It’s hard to be overtly negative about holiday specials without first coming off like the proverbial Grinch, so let me start out with saying that one of my favorite movies – not Christmas movies, just in the general category of movies – is The Family Stone. I have a very specific level of blindness for sappy yuletide cheer, even of the gloomy kind, that results in essentially anything with a Christmas tree and a Bing Crosby song getting an automatic pass.
So Bill Murray’s A Very Murray Christmas – premiering on Netflix this Friday, December 4 – does, too; but it’s a pass with an asterisk. Directed by Sofia Coppola, the creator of every movie your annoying Cinema Studies friend wouldn’t shut up about in college, there’s a relaxed, off-kilter edge cutting through the 56-minute special. It’s different and odd, something Christmas specials are often too afraid to accomplish, and for that alone it deserves recognition. But in its attempts to tackle those “Christmas Blues,” it’s essentially a skeleton of a reason to get a bunch of famous people together to belt out a few carols near one another.
The special starts with Murray lamenting a blizzard raging across New York City (the Christmas movie cliche checklist isn’t so much embraced as consumed), which has caused a handful of famous faces to skip the live recording of his brand-new Christmas special. He’s sad and alone and his perky assistants, played by Amy Poehler and Julie White, really just want him to get George Clooney on the phone. That’s the extent of A Very Murray Christmas‘ scant plot, as the fallout of Murray’s attempts to rein in a bewildered Chris Rock – in one of the best scenes – sends him through a multitude of musical interludes, tangents, and dream sequences where he, you guessed it, learns the true meaning of the season.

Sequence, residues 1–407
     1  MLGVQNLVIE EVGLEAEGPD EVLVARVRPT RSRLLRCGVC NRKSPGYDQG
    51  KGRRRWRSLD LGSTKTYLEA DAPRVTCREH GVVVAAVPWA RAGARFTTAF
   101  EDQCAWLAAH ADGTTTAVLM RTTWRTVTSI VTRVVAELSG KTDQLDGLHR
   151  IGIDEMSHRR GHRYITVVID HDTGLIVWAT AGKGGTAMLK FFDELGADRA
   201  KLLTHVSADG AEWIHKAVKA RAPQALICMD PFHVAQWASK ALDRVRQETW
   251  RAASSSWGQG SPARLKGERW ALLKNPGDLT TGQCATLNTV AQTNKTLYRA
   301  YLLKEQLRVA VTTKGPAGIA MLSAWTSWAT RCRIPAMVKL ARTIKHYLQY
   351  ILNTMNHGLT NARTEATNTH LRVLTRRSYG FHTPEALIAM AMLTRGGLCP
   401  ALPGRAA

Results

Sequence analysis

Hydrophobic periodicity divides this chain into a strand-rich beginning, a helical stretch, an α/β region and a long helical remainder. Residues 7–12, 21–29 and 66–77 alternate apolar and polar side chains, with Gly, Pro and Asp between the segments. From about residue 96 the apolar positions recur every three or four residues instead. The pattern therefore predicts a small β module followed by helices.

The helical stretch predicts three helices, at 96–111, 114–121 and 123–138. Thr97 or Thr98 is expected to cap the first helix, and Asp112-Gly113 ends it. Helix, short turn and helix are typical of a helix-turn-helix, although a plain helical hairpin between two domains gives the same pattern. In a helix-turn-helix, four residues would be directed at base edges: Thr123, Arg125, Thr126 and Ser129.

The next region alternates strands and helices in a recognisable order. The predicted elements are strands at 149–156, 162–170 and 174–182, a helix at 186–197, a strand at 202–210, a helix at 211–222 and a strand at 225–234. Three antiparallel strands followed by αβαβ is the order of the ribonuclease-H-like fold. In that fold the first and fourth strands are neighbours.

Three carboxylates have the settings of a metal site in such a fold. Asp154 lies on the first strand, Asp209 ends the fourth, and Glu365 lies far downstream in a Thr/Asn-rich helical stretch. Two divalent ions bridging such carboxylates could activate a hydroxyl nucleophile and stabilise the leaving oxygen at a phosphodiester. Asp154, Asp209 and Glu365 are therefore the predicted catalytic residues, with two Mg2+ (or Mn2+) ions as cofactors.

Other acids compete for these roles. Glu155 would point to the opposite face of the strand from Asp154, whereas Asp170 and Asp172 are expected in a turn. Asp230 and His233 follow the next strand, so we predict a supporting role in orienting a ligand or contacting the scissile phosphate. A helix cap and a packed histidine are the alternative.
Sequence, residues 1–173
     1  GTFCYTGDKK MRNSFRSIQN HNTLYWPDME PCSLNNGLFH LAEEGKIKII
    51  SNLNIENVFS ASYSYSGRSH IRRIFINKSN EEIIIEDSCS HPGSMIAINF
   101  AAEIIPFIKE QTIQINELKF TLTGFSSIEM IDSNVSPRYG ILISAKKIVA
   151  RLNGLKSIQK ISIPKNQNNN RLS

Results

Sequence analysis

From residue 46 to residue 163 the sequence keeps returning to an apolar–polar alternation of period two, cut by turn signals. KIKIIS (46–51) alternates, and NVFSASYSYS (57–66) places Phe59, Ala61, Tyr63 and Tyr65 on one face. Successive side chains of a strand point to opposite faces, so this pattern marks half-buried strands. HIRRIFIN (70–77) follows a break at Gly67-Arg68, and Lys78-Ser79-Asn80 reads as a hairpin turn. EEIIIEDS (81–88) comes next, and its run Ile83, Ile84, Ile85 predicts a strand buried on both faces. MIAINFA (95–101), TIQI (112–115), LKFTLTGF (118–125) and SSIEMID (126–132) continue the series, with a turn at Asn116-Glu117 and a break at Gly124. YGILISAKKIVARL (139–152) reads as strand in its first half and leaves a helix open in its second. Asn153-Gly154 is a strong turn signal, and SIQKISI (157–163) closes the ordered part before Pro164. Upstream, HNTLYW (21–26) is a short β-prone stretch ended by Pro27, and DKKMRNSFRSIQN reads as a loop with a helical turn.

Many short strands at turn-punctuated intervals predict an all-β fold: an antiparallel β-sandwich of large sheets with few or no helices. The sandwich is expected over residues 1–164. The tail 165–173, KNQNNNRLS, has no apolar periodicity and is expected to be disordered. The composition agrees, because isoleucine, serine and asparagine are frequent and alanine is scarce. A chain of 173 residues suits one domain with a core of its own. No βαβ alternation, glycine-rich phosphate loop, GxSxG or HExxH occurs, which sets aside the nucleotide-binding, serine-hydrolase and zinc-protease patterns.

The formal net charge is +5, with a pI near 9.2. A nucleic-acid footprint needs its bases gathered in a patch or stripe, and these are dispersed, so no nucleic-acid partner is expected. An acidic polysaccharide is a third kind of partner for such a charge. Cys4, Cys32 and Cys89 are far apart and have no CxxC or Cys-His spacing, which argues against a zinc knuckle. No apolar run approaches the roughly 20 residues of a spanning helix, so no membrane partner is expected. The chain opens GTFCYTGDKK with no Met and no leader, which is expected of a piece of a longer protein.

If minimal in substance, Netflix’s new holiday special is overstuffed in tinseltown big-wigs. Rashida Jones, Amy Poehler, Chris Rock, Maya Rudolph and even a delightful Jenny Lewis all pop up for a chance to sing a Christmas classic. Jones and Jason Schwartzman, as a bride-and-groom pair suffering from a canceled wedding, are amusing in a quirky, hipster-heaven kind of way, but it’s Rudolph’s apropos-of-nothing appearance that gives the hour an endearingly scatterbrained, anything goes vibe that gels well with its breezy 50’s era nostalgia. It probably doesn’t need to be said that Lewis brings some of the best vocals to the party – I wasn’t aware I could love The Pogues’ “Fairytale of New York” any more than I did before I sat down to watch the special – even if she isn’t fully up to the acting side of things.
Still, it’s a late-in-the-game sequence with Miley Cyrus and George Clooney that seems to finally explain the entire reason for the existence of A Very Murray Christmas in the first place. Clooney is game as ever to participate in the silliness, but it’s Cyrus’ silky-smooth rendition of “Silent Night” that offers the hour’s highlight. Since they cap everything on such a high note, it’s a bit easier to accept Murray and company’s somewhat dour yuletide shenanigans, even when attempts at humor fall disappointingly flat, thanks mostly to awkward staging and line readings. You can tell A Very Murray Christmas was created with an independent, bootstraps-on budget and that lends the film its endearing indie quirk, but the seams still show every now and then.
If you can deal with the solemn, weird asterisk placed on Netflix’s new special – this isn’t exactly a family-friendly hour of TV, with cursing and languid pacing that will send kids scattering – then you may get just enough of what you want out of the proceedings. Even if its lone central daring act of embracing holiday malaise is lost amid the cavalcade of boozy cameos and gingerbread-thin plotting, A Very Murray Christmas has just enough warm-spirited moments to make it worth a watch this winter – or, at the very least, render it an amusing oddity of an icebreaker at your next holiday party.
More of a procession of holiday hits than anything resembling the rumblings of a classic-in-the-making, Murray's special still has just enough of a weird mix of somber Christmas spirit and vibrant musical numbers to make it stand out this season.